The University of Toronto’s Renée Hložek seeks to find answers where most of us only see questions: the night sky.
An assistant professor at the Dunlap Institute for Astronomy & Astrophysics, Hložek uses information gathered by telescopes to better understand the cosmos and test models of the universe.
In a few years, her work will include carefully analyzing the ocean of new data that’s expected to be generated by the Large Synaptic Survey Telescope, or LSST, which is currently being built on a mountaintop in Chile. The 8.4-metre telescope is touted as the world’s largest digital camera, with 3,200 megapixels, and is designed to take wide-field views of the night sky and everything in it.
“One of the big challenges is this telescope is going to scan the sky so often that we’re going to be drowning in data,” said Hložek, who arrived at U of T two years ago after completing a PhD at Oxford University and conducting postdoctoral research at Princeton University.
“We’re going to go from a time of being data-starved to a time that we’re talking about a data deluge.”
Hložek’s work will be supported by a $100,000 Discovery Grant, paid out in instalments over five years, by the Natural Sciences and Engineering Research Council of Canada (NSERC). She is one of 161 U of T researchers who received NSERC funding this week for investigations that range from improving the sustainability of transportation infrastructure to studying the diversity of dinosaurs.
In total, NSERC said it was providing $558 million in discovery research funding to Canadian researchers, including more than $5 million in additional supplements for those who, like Hložek, are in the early stages of their careers. Of that, U of T researchers will receive nearly $30 million.
“We are grateful for the federal government’s support of fundamental research and all of the new knowledge and innovation it makes possible,” said Vivek Goel, U of T’s vice-president of research and innovation.
“These awards will also help early-career researchers lay the foundation for important work that will continue well into the future.”
The NSERC funding, which includes $70 million announced in this year's federal budget, can be used toward discovery programs, graduate and post-graduate scholarships, postdoctoral researchers and research tools and instruments.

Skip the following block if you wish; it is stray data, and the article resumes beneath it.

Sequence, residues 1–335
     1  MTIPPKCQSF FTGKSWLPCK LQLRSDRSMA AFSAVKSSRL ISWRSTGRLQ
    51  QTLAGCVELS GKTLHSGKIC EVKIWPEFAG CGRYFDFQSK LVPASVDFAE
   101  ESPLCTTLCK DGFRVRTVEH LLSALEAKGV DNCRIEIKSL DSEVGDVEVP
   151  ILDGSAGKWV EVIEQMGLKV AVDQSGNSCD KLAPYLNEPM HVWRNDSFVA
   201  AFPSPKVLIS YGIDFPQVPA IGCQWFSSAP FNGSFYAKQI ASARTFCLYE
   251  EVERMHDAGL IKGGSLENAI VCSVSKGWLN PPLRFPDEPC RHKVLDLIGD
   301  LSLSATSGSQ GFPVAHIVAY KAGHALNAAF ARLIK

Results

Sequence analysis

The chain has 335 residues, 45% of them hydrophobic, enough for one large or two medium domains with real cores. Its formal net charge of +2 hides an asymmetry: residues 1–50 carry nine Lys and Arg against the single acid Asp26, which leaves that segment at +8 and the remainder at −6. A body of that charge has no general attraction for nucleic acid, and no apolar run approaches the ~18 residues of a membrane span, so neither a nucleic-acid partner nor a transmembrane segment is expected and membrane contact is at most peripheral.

Anne Wheeler, an assistant professor in the department of physiology in the Faculty of Medicine, is another early-career researcher at U of T who is benefiting from NSERC’s Discovery Grant funding. A scientist at the Hospital for Sick Children, Wheeler will receive a total of $170,000 to support work that looks at how changes in brain connectivity affect memory.
In particular, Wheeler’s lab is looking at the role of myelin, a fatty substance that insulates axons in the brain and therefore affects the timing of electrical impulses. But since myelin production is dynamic – babies, for example, are born with very little myelin – and can be affected by disease or injury, Wheeler suspects changes in myelin levels may impact our ability to recall certain memories.
“If there’s a lot of changes happening in the brain between the time you learn something and when you need to remember it, then the brain might not be able to reactivate that circuit and the memory would be forgotten,” she said.
“It’s really about understanding how the brain optimizes memory.”
Wheeler, who joined SickKids three years ago after doing her PhD in neuroscience at U of T and postdoctoral work at the Centre for Addiction and Mental Health, said that while most research tends to focus on how specific regions of the brain function, her research suggests the connections within and between those regions are equally important to understanding how the brain works.
She added the NSERC money will be used to support a student who will be assisting her research, which “wouldn’t be possible without the funding.”
The same goes for Hložek. She, too, said the funding will support students who help her develop code and other analytical tools needed to perform her research. That includes measuring Type 1a supernovae stars and how their brightness changes over time – information that can yield clues about the expansion of the universe. Other projects focus on fast radio bursts, which are intense bursts of radio waves scientists have yet to explain.
“Whether you’re looking at the expansion of the universe or dark energy, which I will measure with the LSST, or you’re looking at fast radio bursts – these are really problems and questions that are so new that we don’t have textbooks written on them yet,” said Hložek.
“I get to answer these really big questions with data.”
Hložek, who has worked in a number of countries, stressed that national research funding was key to enabling cutting-edge research in Canada.
“Without it, it’s impossible to attract, employ and retain good students and good scientists to make breakthroughs.”